Firefighters, their families and curious locals got an up-close look at large fireballs at Brayton Fire Training Field in College Station early Wednesday night.

The spray of firefighters’ hoses misting down onto the crowd of more than 2,000 was just part of the annual Municipal Fire Training School public demonstration night.

The Texas A&M Engineering Extension Service event offers first responders and civilians alike the chance to witness feats of firefighting in a controlled training environment.

The fire school’s instructors showed off their skills on eight large props Wednesday, Approximately 1,400 men and women from fire departments across the state and beyond attended the municipal school this week, with 461 guest instructors leading training sessions.

The week of training is preceded by a week of industrial training and a week of mixed training variations for Spanish speakers. Though municipal firefighting does not always involve scenarios comparable to those experienced on public demonstration night, TEEX training director Harvie Cheshire explained that the agency includes a certain amount of industrial firefighting training in municipal courses.

“We teach municipal workers about different types of burns, like liquid three-dimensional fires, pressure fires, or fires with different fuels,” he said. “We want to teach them about every type of fire they may encounter, as well as different types of methods of extinguishing.”

It’s the first year at the Fire Training School for Veronica Collins of the Whitney Fire Department. She said she hasn’t had much experience in the industrial fires seen Wednesday.

“The most I’ve done [involved] getting someone out of a grain trailer,” she said. “I’ve never seen anything like this.”

Collins’ fire chief, Wayland Price, attended Wednesday night with his colleague. Price has been an instructor at TEEX’s summer schools for 17 years and has experience working industrial fires.

“Now that the oil boom has made it to Whitney, we have various oil heads that could catch fire,” he said.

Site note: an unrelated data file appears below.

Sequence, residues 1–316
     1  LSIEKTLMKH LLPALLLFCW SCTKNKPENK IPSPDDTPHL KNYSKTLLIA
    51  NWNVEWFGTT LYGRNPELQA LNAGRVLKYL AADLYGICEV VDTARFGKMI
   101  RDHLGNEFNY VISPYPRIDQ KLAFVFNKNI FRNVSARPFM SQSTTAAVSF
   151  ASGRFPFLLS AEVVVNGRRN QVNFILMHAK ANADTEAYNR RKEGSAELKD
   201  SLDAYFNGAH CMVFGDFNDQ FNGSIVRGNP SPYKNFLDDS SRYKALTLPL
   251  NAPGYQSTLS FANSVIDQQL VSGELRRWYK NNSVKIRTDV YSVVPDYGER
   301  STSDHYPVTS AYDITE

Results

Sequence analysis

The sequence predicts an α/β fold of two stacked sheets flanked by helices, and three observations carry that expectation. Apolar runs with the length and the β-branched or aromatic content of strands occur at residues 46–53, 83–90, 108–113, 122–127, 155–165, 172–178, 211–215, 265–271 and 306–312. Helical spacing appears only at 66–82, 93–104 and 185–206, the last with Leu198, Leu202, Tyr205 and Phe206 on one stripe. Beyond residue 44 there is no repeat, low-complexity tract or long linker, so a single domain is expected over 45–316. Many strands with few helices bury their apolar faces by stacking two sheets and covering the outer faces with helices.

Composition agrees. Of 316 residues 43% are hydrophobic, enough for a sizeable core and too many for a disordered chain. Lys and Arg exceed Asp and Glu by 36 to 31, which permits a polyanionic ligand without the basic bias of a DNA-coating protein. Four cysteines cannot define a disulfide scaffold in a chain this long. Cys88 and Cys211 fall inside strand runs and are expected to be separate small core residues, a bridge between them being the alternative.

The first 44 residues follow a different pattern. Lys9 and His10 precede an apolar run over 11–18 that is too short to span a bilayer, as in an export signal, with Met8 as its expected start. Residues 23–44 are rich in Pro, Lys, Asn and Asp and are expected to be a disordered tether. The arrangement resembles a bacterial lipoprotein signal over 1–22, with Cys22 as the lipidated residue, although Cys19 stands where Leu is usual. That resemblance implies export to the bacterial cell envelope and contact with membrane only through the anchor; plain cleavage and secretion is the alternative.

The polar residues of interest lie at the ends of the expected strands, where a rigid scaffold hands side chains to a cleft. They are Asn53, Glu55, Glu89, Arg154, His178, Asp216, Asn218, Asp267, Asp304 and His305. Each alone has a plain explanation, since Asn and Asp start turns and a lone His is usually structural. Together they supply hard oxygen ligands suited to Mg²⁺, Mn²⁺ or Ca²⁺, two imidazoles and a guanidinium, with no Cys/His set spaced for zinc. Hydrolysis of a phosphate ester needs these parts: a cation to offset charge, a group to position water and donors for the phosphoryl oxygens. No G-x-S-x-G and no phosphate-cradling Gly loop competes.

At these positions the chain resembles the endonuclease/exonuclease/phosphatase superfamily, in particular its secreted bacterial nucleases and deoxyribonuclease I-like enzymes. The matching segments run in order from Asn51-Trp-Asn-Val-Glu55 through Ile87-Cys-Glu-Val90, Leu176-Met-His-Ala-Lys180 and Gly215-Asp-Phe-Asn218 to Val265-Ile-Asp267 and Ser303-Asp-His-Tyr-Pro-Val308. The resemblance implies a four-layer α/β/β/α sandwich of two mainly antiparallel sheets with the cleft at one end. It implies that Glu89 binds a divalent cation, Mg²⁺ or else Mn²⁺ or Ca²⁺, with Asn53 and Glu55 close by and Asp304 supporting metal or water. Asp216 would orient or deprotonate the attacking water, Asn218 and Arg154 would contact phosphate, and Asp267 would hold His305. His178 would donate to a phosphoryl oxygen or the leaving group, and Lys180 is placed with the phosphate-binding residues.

Price invited Collins to attend the municipal school to gain credits toward becoming a trainer, and he said he hopes to bring more firefighters from the department to TEEX in the future.

“My goal is to go back to train my own academy alumni,” Collins said. “... I think TEEX’s [training field] is really good, and it has a lot of stuff that in rural areas we wouldn’t encounter. But, if we were called to something like the West fertilizer plant [explosion], we would have some experience with a plant or refinery.”

Murphy Fire Department colleagues Zach Hagstrom and Ben Frank stood far back from a propane tank fire that lit the night sky like a candle, as the crowd around them ooh’ed and aah’ed. Hagstrom, who has been taking upper level courses this week, had the opportunity to fight such a propane fire in a controlled exercise earlier in the week. The two noted that although the town of Murphy has few industrial structures, the industrial portion of their municipal courses could still be important.

“It’s a residential area,” Frank said. “We do have some light commercial structures. But, we’re mutual aid for the Wylie Fire Department, and they have a lot more commercial and industrial buildings, like water treatment plants, train intermodals, and we can assist there.”

Hagstrom said he had never seen anything larger than a car fire or house fire before this week and his time in College Station would help him to lead others.

“It’s amazing how much hands-on experience TEEX allows you to have, and the instructors are able to guide you through courses in a way that makes it safe,” Hagstrom said. “It’s great to watch the younger guys go through the props, and TEEX has just been tremendous for training.”

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